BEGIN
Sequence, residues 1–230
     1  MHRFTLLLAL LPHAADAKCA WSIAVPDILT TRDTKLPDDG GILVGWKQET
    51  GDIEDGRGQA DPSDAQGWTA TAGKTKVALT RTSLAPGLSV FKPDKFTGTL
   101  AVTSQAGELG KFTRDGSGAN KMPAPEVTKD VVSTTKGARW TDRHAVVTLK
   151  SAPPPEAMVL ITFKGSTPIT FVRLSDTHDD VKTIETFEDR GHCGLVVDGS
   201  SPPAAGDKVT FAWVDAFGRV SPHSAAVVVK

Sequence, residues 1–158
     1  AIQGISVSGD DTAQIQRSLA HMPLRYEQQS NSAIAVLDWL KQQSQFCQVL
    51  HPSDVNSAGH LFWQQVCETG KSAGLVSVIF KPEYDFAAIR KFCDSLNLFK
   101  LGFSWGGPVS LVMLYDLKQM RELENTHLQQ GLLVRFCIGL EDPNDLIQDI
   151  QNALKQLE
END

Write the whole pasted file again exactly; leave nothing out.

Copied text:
Sequence, residues 1–230
     1  MHRFTLLLAL LPHAADAKCA WSIAVPDILT TRDTKLPDDG GILVGWKQET
    51  GDIEDGRGQA DPSDAQGWTA TAGKTKVALT RTSLAPGLSV FKPDKFTGTL
   101  AVTSQAGELG KFTRDGSGAN KMPAPEVTKD VVSTTKGARW TDRHAVVTLK
   151  SAPPPEAMVL ITFKGSTPIT FVRLSDTHDD VKTIETFEDR GHCGLVVDGS
   201  SPPAAGDKVT FAWVDAFGRV SPHSAAVVVK

Sequence, residues 1–158
     1  AIQGISVSGD DTAQIQRSLA HMPLRYEQQS NSAIAVLDWL KQQSQFCQVL
    51  HPSDVNSAGH LFWQQVCETG KSAGLVSVIF KPEYDFAAIR KFCDSLNLFK
   101  LGFSWGGPVS LVMLYDLKQM RELENTHLQQ GLLVRFCIGL EDPNDLIQDI
   151  QNALKQLE